Safety tips, webpages, ideas, anything safety-wise that you may need.

 

Chemical Inventory Management

Earth and Environmental Science Department will no longer be using the Vertere system (through the Chemistry Department) for our chemical inventory management. We will be transitioning to MI Safety Portal (MISP) through EHS. All chemical inventories will need to be migrated to MISP before January 2022.

Many of you will already be familiar with the MISP data management system through management of your lab's EHS compliance and monthly inspections. Maintaining chemical inventories via MISP will assist emergency response during incidents on campus as well as facilitating U-M compliance with the US Department of Homeland Security’s Chemical Facility Anti-Terrorism Standards (CFATS).  MI Safety Portal also assists lab directors in coordinating the storage and use of their chemicals, which will ultimately assist Hazard Communication (HazCom) and Chemical Hygiene Plan (CHP) compliance, chemical ordering, and chemical “trading.” Not only will labs have complete access and control of their own inventory, but you will be able to search through all chemicals in the department in the event that you may need a small quantity of something, rather than having to purchase a large container and being left with excess chemicals in your lab. There are several other benefits to this system, such as tracking expiration dates, that will aid labs in their safety and management.

There are two ways to migrate your chemical inventory to MISP:

1. If you have ≥100 inventory items, you can fill out the Excel Inventory Load Template (found here) and email it to the MISP staff. They will upload it for you.

2. If you have <100 items, you will input them manually into the inventory in MISP.

To make this process simpler, we have compiled the current chemical inventories of all labs. You can find the inventories according to the PI's last name in this Google Drive Folder. Prior to migrating the inventory to MISP, each lab will need to sort through the chemicals currently present in your lab and update these lists accordingly. Many of the inventories have inaccuracies—some depleted chemicals were not removed from lists and some new chemicals were never added.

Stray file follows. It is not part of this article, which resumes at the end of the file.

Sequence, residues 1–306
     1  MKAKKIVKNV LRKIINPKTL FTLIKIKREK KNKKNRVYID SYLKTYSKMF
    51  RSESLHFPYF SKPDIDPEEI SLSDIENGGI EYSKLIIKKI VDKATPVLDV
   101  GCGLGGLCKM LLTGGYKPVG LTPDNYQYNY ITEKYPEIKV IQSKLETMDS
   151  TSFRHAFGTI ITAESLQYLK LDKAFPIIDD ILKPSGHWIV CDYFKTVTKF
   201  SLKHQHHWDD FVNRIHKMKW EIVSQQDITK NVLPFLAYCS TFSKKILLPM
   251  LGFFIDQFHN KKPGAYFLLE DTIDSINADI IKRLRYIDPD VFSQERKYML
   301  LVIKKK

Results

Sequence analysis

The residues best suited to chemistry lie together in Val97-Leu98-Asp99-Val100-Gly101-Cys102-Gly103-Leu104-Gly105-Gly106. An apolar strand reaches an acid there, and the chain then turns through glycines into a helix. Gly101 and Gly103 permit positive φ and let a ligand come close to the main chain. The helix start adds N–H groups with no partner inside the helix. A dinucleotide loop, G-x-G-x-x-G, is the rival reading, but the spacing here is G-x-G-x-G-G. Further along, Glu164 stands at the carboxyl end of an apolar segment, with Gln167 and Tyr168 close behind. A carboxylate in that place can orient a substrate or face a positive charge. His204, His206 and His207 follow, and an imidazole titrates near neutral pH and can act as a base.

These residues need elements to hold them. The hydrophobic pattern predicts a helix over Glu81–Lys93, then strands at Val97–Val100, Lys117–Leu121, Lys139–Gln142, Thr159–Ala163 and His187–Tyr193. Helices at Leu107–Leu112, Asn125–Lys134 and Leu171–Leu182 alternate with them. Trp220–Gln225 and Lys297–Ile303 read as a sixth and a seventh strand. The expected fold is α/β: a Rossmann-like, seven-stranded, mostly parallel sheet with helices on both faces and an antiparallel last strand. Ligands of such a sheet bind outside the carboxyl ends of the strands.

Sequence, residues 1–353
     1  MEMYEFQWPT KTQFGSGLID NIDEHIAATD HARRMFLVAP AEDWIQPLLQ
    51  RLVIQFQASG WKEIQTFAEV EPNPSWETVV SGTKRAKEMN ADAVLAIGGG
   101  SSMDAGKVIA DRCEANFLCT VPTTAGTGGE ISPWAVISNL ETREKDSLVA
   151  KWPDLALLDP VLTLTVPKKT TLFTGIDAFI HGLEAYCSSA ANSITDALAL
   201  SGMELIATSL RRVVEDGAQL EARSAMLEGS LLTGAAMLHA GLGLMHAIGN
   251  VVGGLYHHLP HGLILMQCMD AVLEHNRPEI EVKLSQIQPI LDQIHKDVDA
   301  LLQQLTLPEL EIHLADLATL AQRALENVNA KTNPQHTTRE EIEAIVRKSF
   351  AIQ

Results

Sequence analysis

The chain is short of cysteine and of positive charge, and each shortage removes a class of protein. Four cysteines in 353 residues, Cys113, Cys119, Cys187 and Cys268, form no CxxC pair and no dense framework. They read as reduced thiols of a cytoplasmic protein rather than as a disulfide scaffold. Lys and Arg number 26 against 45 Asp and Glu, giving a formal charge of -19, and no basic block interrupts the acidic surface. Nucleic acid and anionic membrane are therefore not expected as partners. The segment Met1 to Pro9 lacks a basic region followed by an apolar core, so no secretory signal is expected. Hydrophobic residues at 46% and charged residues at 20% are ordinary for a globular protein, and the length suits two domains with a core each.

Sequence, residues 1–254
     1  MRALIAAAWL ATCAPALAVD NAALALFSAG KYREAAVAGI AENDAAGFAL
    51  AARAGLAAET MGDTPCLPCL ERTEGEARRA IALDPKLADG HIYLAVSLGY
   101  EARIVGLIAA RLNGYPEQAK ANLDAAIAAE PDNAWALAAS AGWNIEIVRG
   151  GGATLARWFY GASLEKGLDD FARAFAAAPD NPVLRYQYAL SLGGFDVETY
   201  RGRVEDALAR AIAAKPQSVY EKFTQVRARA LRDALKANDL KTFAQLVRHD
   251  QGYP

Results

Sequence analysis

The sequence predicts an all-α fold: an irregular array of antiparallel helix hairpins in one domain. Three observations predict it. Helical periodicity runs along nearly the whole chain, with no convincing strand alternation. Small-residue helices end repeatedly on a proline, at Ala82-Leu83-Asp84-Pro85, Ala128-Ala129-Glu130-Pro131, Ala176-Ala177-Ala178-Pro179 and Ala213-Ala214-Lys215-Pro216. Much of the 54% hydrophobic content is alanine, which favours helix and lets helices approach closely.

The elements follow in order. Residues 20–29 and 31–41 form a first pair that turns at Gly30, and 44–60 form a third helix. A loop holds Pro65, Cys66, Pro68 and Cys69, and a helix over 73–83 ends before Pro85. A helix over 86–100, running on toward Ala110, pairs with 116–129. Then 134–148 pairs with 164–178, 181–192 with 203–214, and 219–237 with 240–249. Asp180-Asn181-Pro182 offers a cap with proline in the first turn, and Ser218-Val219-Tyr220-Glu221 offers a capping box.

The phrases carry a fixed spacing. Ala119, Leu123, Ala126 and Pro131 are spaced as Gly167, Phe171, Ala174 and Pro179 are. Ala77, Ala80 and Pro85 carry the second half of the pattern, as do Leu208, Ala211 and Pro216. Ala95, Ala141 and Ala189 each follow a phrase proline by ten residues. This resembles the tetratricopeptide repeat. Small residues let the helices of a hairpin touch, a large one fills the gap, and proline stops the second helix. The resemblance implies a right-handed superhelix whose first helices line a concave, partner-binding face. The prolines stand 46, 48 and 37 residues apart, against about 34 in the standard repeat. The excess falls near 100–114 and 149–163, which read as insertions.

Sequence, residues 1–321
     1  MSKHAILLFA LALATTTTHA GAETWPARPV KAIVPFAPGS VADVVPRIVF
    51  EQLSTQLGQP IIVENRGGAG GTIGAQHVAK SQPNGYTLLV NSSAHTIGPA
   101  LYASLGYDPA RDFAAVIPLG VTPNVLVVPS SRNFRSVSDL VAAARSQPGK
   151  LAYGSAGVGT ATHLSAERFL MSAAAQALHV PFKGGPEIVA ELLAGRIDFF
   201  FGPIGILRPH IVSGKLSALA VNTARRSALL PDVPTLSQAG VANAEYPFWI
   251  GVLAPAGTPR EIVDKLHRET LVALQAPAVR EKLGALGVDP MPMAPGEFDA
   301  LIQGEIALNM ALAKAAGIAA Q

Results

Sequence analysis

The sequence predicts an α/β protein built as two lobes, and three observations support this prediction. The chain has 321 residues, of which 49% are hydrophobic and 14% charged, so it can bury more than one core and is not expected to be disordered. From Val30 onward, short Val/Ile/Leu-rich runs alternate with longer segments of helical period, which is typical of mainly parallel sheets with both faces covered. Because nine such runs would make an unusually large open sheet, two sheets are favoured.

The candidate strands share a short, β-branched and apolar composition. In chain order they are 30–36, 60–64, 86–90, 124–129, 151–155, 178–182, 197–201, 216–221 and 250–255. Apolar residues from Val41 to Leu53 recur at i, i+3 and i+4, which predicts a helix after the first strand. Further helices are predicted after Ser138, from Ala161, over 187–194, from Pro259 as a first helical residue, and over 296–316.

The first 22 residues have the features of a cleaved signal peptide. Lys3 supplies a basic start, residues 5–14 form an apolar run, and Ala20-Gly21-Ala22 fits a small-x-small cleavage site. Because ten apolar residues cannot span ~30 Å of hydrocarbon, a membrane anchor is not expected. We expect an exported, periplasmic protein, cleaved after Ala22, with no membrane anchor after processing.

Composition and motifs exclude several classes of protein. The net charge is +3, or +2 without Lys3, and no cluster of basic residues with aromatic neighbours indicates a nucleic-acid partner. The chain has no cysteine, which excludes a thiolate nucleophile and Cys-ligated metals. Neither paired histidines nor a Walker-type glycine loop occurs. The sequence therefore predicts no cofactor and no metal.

MISP is easy to navigate with clearly marked columns and categories. You can find helpful instructions here. In addition, more detailed instructions can be found by clicking the "Help" button in the top right corner of your screen when you are in the Inventory section of MISP.

 

Know your LabSC

Each lab has a contact person that is responsible for keeping all other lab members informed about procedures and reagent inventorying. They should be able to help or to direct you in the right direction. Click here for the list of the current LabSC.

 

Building Immediate Response Team (BIRT)

General Information:

https://dpss.umich.edu/content/emergency-preparedness/resources-for-u-m-staff/building-response-initiatives/

 E&ES BIRT - NUB plan and areas designations

 

Your Lab's Chemical Hygiene Plan (CHP)

Get familiar with the Department of Environmental Health & Safety (EHS) Chemical Hygiene Plan (CHP), which you can find HERE. You no longer need to keep a hard copy of the entire CHP in the lab. Only the customizable sections, which carry information specific to each lab, are now required in print in the Blue Binder.

 

New Academic Laboratory and Research Safety Policy

The University has launched a new safety policy that seeks to foster and consolidate a culture of safety in the research community. Take a look at the document  Academic_Lab_Research_Safety_Policy.pdf if you want to be informed of the changes associated with this initiative.

 

Reporting Incidents 101

All reporting is non-punitive. It is an important tool for the UofM community to learn from each other and improve safety practices across the board.

Types of events:

(1) Anything that affected a person or property is an incident.

EHS would like to know about anything that happens in labs. When an event carries a health risk or produced property damage, reporting is critical. These are the steps:

  • Call 911 if it is an ongoing emergency and follow your emergency procedure.

If no hospital visit was required:

  • Fill out your local paper form and submit it to Maria Marcano's mailbox.

If a hospital visit was required:

  • Fill out an Illness or Injury Report Form for Risk Management Services/Work Connections.
  • Fill out a Laboratory Incident and Near Miss Report Form for EHS.

Click HERE to access a pdf to print the local form.
Click HERE to access Work Connections and EHS forms.

(2) Anything that could have affected a person or property under other circumstances is a near-miss

These events are important to report for learning and corrective purposes. These types of occurrences can be reported only locally.